Pediatricians have been encouraged to screen families for food insecurity, or a lack of consistent access to food needed for an active and healthy life. But few studies have looked at effective ways to screen for food insecurity, particularly in suburban settings.
A study in the July 2017 Pediatrics, "Clinicians' Perceptions of Screening for Food Insecurity in Suburban Pediatric Practice," published online June 20, evaluates the feasibility, acceptability and impact of screening in suburban practices. The study, conducted within the Children's Hospital of Philadelphia, implemented food screening methods in six suburban pediatric primary care practices.
Researchers found that about 2.8% (122) of the 4,371 participating children came from food insecure families through the screening. While they found clinicians receptive to using the food screening tool despite fear of embarrassing the families, they discovered that the referral method was ineffective in assisting families to obtain benefits to remedy the problem. Many families reported that they were either already receiving benefits such as the Supplemental Nutrition Assistance Program, or had been deemed ineligible.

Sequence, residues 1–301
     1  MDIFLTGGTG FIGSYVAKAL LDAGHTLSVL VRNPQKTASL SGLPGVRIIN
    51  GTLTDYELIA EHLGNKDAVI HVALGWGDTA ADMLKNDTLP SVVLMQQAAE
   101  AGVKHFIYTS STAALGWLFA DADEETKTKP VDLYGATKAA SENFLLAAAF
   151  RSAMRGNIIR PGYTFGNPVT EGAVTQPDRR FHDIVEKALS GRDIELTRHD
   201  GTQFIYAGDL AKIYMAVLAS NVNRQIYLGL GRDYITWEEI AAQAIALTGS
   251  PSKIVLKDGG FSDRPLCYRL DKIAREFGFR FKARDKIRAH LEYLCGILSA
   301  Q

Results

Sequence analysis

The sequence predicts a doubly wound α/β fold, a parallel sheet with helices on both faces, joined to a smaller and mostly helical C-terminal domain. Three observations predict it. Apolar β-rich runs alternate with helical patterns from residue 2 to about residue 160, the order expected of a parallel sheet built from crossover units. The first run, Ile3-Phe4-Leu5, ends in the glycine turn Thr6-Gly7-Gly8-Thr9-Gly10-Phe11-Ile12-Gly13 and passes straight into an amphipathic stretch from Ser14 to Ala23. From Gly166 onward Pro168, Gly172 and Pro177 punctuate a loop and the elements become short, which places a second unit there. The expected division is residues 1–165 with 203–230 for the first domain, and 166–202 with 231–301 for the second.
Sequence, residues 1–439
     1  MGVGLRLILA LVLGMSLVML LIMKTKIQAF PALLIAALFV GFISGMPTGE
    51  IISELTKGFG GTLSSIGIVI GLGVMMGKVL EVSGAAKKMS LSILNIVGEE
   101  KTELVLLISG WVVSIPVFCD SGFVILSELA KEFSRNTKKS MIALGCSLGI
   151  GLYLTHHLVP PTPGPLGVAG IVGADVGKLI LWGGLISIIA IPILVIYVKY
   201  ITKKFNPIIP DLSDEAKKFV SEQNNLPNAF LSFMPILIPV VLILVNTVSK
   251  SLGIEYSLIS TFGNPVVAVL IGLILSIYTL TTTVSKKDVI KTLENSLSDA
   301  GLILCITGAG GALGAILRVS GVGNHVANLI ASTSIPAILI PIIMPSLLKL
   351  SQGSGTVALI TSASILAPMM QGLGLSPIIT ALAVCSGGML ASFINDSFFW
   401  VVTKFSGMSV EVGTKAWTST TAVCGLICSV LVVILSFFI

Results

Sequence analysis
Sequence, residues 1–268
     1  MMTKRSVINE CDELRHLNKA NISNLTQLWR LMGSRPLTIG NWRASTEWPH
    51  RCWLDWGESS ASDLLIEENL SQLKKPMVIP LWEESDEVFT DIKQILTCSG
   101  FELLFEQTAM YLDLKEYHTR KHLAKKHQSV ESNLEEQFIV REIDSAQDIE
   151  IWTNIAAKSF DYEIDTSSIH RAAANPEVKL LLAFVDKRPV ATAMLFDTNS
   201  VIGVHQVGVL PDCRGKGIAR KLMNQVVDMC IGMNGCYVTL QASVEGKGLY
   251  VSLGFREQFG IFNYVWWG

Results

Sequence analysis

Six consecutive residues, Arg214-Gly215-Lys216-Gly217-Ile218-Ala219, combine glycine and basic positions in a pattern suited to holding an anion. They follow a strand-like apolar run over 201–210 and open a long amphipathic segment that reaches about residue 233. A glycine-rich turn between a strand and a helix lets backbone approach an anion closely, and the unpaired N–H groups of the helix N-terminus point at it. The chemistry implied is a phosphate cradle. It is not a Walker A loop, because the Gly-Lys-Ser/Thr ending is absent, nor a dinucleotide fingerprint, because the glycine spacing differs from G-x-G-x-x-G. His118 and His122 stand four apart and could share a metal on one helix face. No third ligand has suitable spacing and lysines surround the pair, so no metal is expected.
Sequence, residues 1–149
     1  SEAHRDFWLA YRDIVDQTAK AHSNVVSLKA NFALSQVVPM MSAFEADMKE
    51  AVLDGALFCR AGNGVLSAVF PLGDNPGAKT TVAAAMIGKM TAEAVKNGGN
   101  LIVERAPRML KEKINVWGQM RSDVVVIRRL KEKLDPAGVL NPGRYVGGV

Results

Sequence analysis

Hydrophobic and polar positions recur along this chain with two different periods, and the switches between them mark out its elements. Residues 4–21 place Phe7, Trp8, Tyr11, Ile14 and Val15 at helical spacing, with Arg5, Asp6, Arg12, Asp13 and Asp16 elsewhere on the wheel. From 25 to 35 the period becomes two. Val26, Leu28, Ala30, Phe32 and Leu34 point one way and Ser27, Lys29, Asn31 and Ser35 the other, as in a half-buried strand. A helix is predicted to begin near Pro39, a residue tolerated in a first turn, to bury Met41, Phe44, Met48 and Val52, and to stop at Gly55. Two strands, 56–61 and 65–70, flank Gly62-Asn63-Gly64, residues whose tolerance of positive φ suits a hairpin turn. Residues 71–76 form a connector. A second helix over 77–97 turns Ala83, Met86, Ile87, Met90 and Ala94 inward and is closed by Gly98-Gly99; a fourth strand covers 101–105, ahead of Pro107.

A companion study, "Suburban Families' Experience with Food Insecurity Screening in Primary Care Practices," also published in the July 2017 Pediatrics (online June 20) and by the same research team, reported results from interviews with 23 parents who had participated in the food screening program.
Parents expressed surprise at being asked about food insecurity, and were initially afraid that they were going to be reported to child protective services.
Some reported frustration that they did not have enough access to food but were ineligible for benefits.
Parents suggested that clinician practices could be most helpful by providing information about where to apply for benefits and what documentation to bring, as well as a list of locations and transportation routes for food pantries.